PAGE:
Her testimony served as her first public comments on the controversy since Flynn resigned from his post in February.



Light Phone: A Mobile Phone that Only Makes Calls, Nothing Else

There’s another way to go in the mobile technology race. In a market full of feature-rich smartphones, Light Phone offers something different — it lets you do nothing but make and answer calls.

Light Phone is a mobile phone that only makes calls, plain and simple. (OK, it keeps time, too.)

It has no browser, no NFC, offers no games or apps, and doesn’t even text. What it does promise is simple contact without the distractions and added hassles of “unwanted rings, dings, and pings,” as the company puts it.

The phone’s minimalist design matches its functionality, for sure.

Light Phone is about the size of a credit card and is practically blank. The front display has no buttons or even what would look like a screen. Instead it lights up to reveal a touch module so you can dial a phone number, see the time, and view incoming calls.

And man, can it hold a charge. The company claims Light Phone can go for 20 days straight before needing to be charged. It’s just one more thing that can cut down on the frustrations common with most mobile phones.

On its own, Light Phone is a pre-paid GSM cell phone that can work independently of your carrier. Each phone comes with its own SIM card and phone number. And for an added perk, the phones come pre-loaded with 500 minutes.

But Light Phone can also work like an extension to your existing smartphone. The phone’s one and only “app” is pre-installed. What the “app” does is allow you to have incoming calls made to your smartphone forwarded to Light Phone. This way, you can have the option of leaving your main phone at home without being completely cut off from the rest of the mobile-ready world.

For more information on Light Phone check out the Kickstarter video below.

The flexible options offered by Light Phone may be especially helpful for those small business owners who need a simple phone for calls. And with its $100 price tag, it can be a cheap, prepaid standalone phone or an extension line.

Designers Joe Hollier and Kaiwei Tang met at Google’s 30 Weeks incubator in New York City, where they put their heads together to create Light Phone. They say on Light Phone’s Kickstarter page:

“We aren’t creating new technology, we’re using the best existing technology in a new way. We have stripped away everything but the phone itself, the only essential connection that the user needs.”

The duo is currently crowdfunding to bring their product to market. Their Kickstarter campaign has thousands of backers and more than $269,000 in pledges.

But backers will have to wait a while to get their phones. Light Phone won’t be shipping until June 2016.

Image: Light Phone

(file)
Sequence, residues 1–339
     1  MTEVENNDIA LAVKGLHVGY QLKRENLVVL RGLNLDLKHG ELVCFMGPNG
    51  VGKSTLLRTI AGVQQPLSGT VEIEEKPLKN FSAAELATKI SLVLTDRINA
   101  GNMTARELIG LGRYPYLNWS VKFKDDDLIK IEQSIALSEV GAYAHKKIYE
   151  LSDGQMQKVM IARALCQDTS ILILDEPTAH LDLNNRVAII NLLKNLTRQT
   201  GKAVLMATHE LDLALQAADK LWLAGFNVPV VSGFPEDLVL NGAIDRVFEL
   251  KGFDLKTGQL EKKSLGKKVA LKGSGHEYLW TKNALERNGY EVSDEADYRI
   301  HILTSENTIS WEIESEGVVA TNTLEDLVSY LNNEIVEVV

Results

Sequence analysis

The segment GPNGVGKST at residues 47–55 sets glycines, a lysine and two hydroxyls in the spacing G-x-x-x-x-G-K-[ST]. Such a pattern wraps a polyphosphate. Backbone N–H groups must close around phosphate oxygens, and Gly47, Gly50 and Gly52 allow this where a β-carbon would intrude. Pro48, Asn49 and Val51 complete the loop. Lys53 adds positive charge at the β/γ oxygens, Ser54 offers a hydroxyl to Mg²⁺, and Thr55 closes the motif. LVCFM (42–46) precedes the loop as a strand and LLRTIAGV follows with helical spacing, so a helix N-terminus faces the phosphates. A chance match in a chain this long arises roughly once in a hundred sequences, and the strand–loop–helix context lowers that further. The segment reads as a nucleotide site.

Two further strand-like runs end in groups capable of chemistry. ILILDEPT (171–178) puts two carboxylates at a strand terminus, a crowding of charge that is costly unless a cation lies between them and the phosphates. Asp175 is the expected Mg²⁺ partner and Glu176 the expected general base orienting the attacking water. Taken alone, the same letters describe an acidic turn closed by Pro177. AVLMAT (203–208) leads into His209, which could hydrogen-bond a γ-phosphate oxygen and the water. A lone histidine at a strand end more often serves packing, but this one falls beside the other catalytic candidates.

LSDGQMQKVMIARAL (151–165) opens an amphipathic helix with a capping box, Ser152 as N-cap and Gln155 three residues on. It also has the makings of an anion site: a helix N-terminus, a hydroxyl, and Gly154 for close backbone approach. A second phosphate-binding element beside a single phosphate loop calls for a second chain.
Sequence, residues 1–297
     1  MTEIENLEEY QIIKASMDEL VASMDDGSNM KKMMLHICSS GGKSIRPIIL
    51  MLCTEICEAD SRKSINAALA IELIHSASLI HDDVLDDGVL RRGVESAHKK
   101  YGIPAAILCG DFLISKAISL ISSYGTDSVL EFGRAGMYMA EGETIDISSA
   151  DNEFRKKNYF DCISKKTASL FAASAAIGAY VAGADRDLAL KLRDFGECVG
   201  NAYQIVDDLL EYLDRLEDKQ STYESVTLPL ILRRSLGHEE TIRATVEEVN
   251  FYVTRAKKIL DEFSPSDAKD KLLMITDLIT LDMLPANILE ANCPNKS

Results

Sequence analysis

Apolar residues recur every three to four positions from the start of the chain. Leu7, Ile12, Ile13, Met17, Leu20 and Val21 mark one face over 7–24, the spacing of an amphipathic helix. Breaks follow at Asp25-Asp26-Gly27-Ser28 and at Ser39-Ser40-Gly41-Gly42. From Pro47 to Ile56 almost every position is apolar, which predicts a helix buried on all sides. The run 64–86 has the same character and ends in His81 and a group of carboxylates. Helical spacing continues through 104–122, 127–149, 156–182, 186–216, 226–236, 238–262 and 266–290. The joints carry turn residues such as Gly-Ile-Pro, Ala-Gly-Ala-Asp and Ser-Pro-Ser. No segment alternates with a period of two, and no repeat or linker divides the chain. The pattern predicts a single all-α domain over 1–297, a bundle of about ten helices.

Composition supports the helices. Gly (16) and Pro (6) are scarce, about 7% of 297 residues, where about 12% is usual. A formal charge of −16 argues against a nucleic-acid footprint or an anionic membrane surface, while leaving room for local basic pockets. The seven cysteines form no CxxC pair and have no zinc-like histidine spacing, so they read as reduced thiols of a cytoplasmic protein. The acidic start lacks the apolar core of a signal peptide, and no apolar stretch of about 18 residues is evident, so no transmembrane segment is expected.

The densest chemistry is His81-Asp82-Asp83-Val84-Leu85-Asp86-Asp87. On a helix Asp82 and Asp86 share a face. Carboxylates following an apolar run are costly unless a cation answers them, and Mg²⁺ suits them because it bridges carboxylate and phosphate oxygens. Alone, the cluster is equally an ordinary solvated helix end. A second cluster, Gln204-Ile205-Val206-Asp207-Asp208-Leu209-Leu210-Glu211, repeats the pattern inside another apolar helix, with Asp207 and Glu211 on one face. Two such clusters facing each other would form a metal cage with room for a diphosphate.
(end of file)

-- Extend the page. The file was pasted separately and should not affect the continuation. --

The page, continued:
More in: Crowdfunding


Kangana Ranaut on Censorship of Queen: nothing Vulgar approximately a Bra

Kangana Ranaut

Kangana Ranaut has won three countrywide Awards
all of us have been very involved with the way matters are going: Kangana
‘We need our very own creative freedom,’ said Kangana Ranaut
in the wake of controversy over Udta Punjab, national Award-prevailing actress Kangana Ranaut on Thursday supported filmmakers and stated that the film fraternity deserves its innovative liberties anddoesn’t want a parental mind-set towards audiences to guard them.

The principal Board of movie Certification (CBFC) headed with the aid of Pahlaj Nihalani is said to havecautioned cuts to the Abhishek Chaubey-directed movie, which offers with drug abuse in Punjab.

Ms Ranaut, 29, became requested approximately her opinion at the Udta Punjab controversy at an awardceremony and she or he said: “all of us have been very involved with the manner matters are going. i amnot a director and i’ve now not been through that process.”

however humans whom I closely work with appear extraordinarily disturbed with the manner things are and to an volume, they sense bullied. They realize there’s a technique of certification. We do no longerought to have that kind of parental mindset closer to audiences that we need to shield them,” said Ms Ranaut.

Ms Ranaut, who has won 3 countrywide Awards for her roles in style, Queen and Tanu Weds Manu Returns, stated that during the discharge of Queen, director Vikas Bahl was asked to blur a scene as thecensor board thought it was “vulgar.”

“In Queen, there was a touch humorous moment wherein a boy spots a bra on my mattress. So the director referred to as me and said that the censor is blurring the bra as they suppose it is vulgar. My director turned into livid. As artistes we do not see it as a threat to society. there is not anything vulgarapproximately a female‘s bra,” said Ms Ranaut.

Mr Bahl is one of the three those who heads Phantom films, which has co-produced Udta Punjab.

“Cinema is all about detailing. We want our own creative freedom and we’re in reality type of pressedtowards the wall and there’s so much outrage. i’m hoping it’ll be addressed and that i desire there may not be such incidents in future,” said Ms Ranaut.

Udta Punjab stars Shahid Kapoor, Kareena Kapoor Khan, Alia Bhatt and Diljit Dosanjh in pivotal roles.